Korea and foreign investment

Standard Chartered Bank chairman Brian Sanderson, in a recent meeting with Roh Moo-hyun, said SCB’s experience in Korea had been positive so far. It will be remembered that SCB bought Korea First Bank, South Korea’s eight-largest lender, from US private equity firm Newbridge Capital and the Korean government for around $3.2bn a year ago, sneaking in front of a rumoured approach by HSBC.

From the perspective of supervising the local banking market, hearsay evidence is that Korea’s banking regulator, the Financial Supervisory Service, adopts a robust approach similar to other countries where the domestic banking market has significant ownership by large and sophisticated foreign players: the local regulator wants to fully understand what is done in their jurisdiction, and have some say over it. This is an attitude which is understandable even if it requires an investment by the bank concerned. In implementing the upcoming international bank regulatory changes, Basel II, the FSS is sticking to the official timetable even though Korea is not a signatory to Basel (which is more than can be said for the US); and unlike some other jurisdictions is reportedly taking advantage of the rule upgrade to get rid of the archaic requirement on branches of overseas banks to hold capital locally. All this is consistent with ensuring a well-regulated market friendly to overseas investors.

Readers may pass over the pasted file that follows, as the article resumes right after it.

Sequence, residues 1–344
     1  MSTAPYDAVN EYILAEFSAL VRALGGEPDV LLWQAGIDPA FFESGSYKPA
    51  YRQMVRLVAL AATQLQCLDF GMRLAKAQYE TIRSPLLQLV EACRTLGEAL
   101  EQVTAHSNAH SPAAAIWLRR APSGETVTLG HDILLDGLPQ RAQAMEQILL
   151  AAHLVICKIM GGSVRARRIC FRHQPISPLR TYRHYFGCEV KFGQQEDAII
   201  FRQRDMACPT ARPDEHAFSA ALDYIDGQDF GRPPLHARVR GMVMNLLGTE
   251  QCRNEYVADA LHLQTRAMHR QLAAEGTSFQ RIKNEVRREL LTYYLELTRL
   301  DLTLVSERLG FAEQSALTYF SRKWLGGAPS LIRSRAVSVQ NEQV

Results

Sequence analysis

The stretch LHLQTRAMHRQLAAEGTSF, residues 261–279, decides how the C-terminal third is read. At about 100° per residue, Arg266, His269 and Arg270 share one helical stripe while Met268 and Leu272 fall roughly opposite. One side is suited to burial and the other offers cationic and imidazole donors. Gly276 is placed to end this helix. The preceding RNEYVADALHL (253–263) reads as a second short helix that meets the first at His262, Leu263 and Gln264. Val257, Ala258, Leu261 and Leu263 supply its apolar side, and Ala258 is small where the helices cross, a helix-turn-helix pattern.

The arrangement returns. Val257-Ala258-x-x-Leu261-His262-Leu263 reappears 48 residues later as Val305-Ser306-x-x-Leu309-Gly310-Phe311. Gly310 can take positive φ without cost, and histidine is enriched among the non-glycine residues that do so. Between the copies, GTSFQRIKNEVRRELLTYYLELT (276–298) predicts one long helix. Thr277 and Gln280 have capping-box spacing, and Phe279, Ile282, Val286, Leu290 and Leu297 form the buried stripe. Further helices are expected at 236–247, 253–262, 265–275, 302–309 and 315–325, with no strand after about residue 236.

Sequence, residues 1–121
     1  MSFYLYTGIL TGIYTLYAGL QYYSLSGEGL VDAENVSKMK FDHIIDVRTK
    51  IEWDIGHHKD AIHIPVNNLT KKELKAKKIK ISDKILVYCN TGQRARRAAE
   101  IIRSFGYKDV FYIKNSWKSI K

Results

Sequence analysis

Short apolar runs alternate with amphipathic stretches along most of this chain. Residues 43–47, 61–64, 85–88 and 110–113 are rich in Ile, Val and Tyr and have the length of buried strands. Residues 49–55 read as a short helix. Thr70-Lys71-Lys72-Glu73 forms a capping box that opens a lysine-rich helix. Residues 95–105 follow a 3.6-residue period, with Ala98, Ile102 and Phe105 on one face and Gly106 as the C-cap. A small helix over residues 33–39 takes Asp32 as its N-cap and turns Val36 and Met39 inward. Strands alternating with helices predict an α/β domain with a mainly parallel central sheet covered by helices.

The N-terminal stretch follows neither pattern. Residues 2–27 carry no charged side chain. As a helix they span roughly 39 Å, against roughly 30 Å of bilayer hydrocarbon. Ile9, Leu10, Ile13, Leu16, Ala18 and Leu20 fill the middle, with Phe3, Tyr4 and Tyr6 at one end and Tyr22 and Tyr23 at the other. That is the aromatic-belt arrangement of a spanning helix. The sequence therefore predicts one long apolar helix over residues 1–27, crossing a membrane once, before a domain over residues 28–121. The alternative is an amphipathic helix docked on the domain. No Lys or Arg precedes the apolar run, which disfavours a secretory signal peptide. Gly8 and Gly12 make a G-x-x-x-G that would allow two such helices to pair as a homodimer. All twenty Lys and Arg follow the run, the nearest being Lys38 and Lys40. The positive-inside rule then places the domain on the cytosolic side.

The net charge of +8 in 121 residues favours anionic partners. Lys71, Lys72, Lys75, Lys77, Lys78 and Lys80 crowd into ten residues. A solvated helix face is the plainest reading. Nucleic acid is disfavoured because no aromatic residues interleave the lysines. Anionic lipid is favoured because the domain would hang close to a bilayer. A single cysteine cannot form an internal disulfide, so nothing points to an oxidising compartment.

There is understandable sensitivity to having foreign players come in and take over a market. At one point there was a reported move to introduce a requirement on foreign-owned banks to have at least half of its local board to have Korean citizenship, with the remainder to have lived in Korea for a year prior to appointment. I recall the FT reported this on its front page, highlighting the anti-competitive aspects. While this proposal never made it into law, the board of Korea First Bank, SCB’s subsidiary is 50% Korean. (Links here and here)

But the activities of foreign less active investors also attract understandable attention. The large gains made by Carlyle, Lone Star (60 prosecutors raided their Seoul office today) and Newbridge on the sale of their local bank holdings, which were tax free from the Korean perspective, are leading to calls for new tax laws to ensure the Korean taxpayer gets some benefit from these gains. Similarly, the alleged abuse of the Samsung share price by the UK pension fund manager Hermes all lead to suspicion of foreign investors. Justified outrage or chauvinism?

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